While I believe both of these books are at the very top of all MUST READ lists, Brave New World is a book that has such a powerful relevance to today’s society that anyone who has not read it is doing a serious disservice to themselves.

Sorry but that is a VERY narrow view of 1984. To say that 1984 was merely a satirical piece on the USSR and Communism is ripping the book of it’s purpose. Orwell was showing that what was happening at the status quo then is the same thing that is happening 25, 50, 100 years later when people will read it then.

And you said that “…Huxley’s examples are happening right now, here in America…”, I can go through 1984 and find hundreds of examples of things that are still being done today.
[/quote]

I’m not saying that 1984 is “merely” a satire. In fact I never even used the word “satire”. I’m simply pointing out what I perceive to be the differences between the two books. While both books have similarities and are very relevant to today’s western society, 1984 was much more heavily critical of the USSR and Communism, along with Fascist Spain and Italy, than was Brave New World.

When Orwell came up with the idea for 1984 in the mid-thirties, he was convinced that the UK’s form of government would not survive for very long and that it was destined to become either communist or fascist. 1984 was his warning to England about the pitfalls of a national obsession with “the state”. He had already expressed these ideas once in a truly satirical form with Animal Farm. He lived through the Spanish Civil War and the rise of Stalin (the inspiration for Big Brother) and felt the same was likely to happen to England.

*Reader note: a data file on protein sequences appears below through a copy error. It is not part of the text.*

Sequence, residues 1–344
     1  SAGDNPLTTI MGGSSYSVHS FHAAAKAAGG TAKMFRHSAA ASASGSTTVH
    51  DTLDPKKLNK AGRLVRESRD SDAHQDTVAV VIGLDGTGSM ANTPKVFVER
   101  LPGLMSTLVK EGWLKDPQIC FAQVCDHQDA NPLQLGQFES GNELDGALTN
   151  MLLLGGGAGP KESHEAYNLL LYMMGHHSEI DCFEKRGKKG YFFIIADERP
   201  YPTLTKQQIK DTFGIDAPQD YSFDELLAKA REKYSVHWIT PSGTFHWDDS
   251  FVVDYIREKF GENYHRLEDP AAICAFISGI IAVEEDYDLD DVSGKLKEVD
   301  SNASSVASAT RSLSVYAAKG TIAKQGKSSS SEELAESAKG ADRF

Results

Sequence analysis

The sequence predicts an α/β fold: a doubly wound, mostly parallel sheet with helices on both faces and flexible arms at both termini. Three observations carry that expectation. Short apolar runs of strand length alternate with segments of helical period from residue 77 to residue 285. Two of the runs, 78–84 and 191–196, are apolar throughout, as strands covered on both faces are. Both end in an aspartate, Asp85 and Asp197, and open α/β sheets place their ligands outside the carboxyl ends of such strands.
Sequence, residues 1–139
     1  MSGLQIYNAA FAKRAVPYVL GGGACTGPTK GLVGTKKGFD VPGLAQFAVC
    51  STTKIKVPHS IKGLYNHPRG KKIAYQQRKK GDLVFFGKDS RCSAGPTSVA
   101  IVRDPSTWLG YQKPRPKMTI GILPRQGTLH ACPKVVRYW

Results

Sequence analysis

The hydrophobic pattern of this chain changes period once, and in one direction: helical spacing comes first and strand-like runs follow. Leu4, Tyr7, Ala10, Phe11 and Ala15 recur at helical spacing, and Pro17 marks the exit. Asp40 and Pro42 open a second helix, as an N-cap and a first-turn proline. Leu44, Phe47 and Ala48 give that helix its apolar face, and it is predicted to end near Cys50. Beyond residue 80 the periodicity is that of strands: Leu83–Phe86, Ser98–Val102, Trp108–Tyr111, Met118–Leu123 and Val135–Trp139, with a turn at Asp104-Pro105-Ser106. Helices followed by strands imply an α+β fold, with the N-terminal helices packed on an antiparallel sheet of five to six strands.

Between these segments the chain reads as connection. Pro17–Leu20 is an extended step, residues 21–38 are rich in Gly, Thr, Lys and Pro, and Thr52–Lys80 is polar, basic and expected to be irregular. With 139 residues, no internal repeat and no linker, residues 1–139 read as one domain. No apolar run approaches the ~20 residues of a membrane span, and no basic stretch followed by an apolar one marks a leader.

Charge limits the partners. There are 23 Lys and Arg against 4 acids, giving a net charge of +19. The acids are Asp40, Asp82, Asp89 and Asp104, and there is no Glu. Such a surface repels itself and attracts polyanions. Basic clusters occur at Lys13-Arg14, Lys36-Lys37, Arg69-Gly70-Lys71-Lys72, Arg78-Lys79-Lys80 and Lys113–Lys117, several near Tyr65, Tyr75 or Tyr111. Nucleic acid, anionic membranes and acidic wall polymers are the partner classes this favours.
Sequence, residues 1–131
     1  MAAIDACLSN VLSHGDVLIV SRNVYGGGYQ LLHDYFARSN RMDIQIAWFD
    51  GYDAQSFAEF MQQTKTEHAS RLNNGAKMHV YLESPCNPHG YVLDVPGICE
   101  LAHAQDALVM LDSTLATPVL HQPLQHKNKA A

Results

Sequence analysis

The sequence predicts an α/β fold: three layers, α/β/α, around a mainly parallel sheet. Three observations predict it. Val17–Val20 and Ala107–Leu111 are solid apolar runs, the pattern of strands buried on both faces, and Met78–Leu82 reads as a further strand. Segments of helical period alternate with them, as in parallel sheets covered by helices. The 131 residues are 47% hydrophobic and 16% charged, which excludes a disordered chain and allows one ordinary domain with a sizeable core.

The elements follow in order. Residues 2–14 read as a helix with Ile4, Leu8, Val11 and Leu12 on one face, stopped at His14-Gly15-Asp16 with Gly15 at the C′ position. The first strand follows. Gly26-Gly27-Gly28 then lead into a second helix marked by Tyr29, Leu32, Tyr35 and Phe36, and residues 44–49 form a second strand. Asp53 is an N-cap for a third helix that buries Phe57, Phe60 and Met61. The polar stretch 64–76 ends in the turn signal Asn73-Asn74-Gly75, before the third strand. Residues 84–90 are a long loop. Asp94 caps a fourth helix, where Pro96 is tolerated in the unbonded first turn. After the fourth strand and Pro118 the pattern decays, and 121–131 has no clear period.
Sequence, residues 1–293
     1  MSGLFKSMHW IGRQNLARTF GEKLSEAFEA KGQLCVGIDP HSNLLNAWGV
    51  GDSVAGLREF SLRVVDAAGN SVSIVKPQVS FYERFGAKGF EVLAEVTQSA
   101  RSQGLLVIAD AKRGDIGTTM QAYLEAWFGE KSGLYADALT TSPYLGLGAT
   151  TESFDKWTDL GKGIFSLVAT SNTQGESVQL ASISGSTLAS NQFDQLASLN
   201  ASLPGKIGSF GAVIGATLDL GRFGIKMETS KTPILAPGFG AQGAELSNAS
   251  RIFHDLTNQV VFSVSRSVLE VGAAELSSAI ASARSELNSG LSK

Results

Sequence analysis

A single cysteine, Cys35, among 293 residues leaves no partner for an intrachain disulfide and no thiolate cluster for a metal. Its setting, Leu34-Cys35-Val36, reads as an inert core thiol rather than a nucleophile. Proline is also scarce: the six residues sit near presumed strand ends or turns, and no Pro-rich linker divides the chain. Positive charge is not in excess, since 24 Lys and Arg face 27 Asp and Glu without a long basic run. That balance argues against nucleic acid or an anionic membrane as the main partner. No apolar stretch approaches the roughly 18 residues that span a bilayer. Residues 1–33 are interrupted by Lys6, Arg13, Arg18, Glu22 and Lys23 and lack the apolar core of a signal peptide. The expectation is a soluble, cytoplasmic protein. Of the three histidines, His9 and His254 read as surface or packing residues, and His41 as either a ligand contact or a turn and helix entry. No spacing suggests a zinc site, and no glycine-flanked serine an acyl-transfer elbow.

Huxley was pretty much aghast at American culture and “Americanization”, which was sweeping through Europe throughout the 1920’s. He was shocked at the pervasion of open sexuality in American culture amongst other things and felt that Europe was blindly headed down this path. WWII happening between the publication of the two books had a lot to do with their differences. But while there are many similarities to today concerning both books, Huxley’s is a clear warning to Europe about what he felt was going on in America whereas Orwell’s was a clear warning to Europe about what was going on in the USSR, Spain and Italy. Given that the Soviet Union collapsed, there is much more relevance to American society concerning Brave New World than 1984. But I’m not trying to discount the relevance of 1984 at all. They are two of the first three books I recommend to anyone who asks for a good book recommendation. (A Clockwork Orange being the other)


#20

[quote]Mikeyali wrote:
Headhunter wrote:
There’s a good question: would anyone care to detail how they’ve lost privacy?

I recall going to a bar in Portland once. The guy checks my ID then runs it through a machine and it spit this running recepit which was at this point about 10’ long sprawling on the floor of all the people who had been there. Needless to say I never went back.

mike
[/quote]

How about the Patriot Act? Cameras on stop lights and street corners? Databases containing every book you’ve ever checked out of the library? Govt listening to your cell phone calls?